Pasadena’s Record-Breaking Arden Villa Lists At A Massive Loss
The city of Pasadena, located in LA’s oft-overlooked San Gabriel Valley, is renowned for its old-world charm, the annual Tournament of Roses, and the area’s historic architecture — particularly that of homes in the southernmost part of the city. Down yonder, below the bustling 210 freeway, the tree-dotted streets are broad and the lots exceptionally spacious. Walk down one of these roads and you’ll smell the distinct neighborhood scent — that pungent whiff of old money.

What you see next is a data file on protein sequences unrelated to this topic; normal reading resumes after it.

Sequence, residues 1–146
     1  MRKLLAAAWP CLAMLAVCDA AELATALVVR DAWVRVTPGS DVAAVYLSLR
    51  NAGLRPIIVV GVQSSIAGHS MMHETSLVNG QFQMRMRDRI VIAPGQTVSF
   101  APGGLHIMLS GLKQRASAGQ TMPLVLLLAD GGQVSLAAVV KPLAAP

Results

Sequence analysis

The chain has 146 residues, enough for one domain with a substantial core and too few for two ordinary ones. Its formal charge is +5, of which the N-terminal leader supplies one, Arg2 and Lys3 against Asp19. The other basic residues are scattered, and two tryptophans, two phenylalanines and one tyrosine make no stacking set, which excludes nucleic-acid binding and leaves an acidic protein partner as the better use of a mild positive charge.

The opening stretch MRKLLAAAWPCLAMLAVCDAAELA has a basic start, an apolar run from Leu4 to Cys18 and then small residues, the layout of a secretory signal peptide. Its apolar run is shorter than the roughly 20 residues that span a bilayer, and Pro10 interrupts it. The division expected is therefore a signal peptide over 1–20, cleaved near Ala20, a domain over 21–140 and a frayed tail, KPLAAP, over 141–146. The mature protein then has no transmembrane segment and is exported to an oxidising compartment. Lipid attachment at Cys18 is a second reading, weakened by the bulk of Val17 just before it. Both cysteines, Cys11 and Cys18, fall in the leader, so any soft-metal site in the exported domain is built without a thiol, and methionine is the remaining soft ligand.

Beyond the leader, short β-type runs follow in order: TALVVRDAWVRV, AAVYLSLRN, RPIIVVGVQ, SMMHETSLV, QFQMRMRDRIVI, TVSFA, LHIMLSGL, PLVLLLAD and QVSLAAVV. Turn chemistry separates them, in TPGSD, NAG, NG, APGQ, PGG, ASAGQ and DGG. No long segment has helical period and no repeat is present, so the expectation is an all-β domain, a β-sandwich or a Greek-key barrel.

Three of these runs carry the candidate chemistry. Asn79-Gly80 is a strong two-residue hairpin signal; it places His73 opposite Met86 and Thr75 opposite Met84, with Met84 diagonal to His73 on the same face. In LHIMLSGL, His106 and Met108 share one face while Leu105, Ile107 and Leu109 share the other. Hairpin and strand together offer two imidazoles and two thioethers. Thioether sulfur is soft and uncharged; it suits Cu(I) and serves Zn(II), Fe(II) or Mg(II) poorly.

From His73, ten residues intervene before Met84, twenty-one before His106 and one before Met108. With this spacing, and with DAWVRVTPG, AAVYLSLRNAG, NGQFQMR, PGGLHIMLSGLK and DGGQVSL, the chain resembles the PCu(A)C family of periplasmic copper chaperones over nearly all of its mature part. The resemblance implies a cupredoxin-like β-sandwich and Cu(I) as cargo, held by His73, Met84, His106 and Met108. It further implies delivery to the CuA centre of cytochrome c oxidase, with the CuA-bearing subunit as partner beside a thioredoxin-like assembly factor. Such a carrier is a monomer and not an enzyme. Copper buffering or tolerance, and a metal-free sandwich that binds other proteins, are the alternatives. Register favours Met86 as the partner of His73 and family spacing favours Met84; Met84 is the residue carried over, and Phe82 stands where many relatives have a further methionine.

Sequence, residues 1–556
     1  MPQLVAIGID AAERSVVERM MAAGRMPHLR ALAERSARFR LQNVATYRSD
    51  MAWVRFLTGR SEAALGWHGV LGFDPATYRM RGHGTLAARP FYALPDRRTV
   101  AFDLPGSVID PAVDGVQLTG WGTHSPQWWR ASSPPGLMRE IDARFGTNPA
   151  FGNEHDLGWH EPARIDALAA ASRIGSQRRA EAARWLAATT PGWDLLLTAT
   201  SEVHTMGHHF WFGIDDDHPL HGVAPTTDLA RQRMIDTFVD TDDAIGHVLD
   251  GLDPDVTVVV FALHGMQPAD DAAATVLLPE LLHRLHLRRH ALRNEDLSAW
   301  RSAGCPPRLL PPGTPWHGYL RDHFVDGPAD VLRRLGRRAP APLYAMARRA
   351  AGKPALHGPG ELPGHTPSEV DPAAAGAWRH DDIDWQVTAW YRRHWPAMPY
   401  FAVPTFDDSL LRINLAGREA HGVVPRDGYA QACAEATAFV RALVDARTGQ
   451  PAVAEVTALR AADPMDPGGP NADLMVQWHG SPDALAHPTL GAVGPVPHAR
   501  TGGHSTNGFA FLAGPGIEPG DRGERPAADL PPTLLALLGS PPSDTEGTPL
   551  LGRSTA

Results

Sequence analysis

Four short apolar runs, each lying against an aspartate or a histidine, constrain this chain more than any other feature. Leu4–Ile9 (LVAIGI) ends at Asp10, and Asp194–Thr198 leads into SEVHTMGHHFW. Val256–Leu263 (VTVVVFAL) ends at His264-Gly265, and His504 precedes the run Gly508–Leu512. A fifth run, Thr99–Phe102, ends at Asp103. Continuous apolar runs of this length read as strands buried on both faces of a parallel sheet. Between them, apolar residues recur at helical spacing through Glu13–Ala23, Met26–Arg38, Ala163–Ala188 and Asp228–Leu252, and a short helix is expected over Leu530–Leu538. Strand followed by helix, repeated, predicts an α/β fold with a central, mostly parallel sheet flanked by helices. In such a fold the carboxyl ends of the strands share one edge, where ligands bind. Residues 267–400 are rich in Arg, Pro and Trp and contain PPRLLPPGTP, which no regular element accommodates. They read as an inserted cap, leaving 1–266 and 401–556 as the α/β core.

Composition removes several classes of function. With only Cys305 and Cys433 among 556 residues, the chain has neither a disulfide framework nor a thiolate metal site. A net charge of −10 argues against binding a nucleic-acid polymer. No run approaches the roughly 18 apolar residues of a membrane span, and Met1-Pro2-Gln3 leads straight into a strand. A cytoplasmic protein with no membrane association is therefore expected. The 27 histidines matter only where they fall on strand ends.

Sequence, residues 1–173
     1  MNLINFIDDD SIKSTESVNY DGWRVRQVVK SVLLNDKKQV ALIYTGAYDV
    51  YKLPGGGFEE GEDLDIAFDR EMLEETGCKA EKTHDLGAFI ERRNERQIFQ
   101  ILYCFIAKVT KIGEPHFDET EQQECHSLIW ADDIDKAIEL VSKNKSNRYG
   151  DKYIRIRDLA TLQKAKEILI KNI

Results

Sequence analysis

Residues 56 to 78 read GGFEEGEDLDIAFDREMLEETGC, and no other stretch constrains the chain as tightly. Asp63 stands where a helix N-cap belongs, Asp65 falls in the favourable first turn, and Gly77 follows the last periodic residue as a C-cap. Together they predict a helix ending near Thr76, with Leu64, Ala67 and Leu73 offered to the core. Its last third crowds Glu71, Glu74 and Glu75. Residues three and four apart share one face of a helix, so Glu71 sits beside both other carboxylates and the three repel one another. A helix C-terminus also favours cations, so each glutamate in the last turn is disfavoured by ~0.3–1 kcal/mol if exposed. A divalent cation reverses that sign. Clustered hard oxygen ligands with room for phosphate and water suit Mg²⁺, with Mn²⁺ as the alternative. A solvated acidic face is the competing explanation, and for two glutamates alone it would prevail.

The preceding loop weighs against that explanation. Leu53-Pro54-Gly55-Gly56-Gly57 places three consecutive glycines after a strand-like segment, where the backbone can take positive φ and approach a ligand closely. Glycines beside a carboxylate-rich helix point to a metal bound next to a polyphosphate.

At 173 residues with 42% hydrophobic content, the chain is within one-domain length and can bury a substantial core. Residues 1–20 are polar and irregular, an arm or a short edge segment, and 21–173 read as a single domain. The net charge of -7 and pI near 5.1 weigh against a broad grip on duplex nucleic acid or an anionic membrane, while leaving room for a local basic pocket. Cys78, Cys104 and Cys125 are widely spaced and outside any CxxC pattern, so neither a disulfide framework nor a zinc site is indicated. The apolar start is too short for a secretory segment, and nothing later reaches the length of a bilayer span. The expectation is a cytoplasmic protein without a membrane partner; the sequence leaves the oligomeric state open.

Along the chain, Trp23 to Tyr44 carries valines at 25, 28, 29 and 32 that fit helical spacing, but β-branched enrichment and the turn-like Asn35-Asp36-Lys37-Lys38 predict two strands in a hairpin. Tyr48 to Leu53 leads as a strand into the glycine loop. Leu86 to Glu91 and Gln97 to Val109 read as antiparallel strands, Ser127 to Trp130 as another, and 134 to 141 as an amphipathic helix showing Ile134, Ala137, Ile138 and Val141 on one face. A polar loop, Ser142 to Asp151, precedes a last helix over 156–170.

Atypical for LA, a significant portion of Pasadena’s housing stock is East Coast-style grand mansions — gracious Colonials and such. Thus, the area has become a popular filming location for all sorts of movies, TV shows, and various other productions — particularly those set back East or thereabouts.
One of the noblest old homes in all of Pasadena is the Arden Villa, a 106-year-old Palladian-style manse better-known for its appearances in movies and TV shows than for any of its actual owners. Perhaps the property’s biggest starring role was in the legendary (and legendarily campy) 1983 Dynasty lily pond catfight. “A couple of female mud wrestlers,” indeed. Watch and see for yourselves.
The estate has popped up in numerous other entertainment industry productions — including commercials, TV shows like Matlock and Knight Rider, films like Billy Madison and Terms of Endearment — but Linda Evans and Joan Collins’ Dynasty splish-splash romp remains its career-defining role.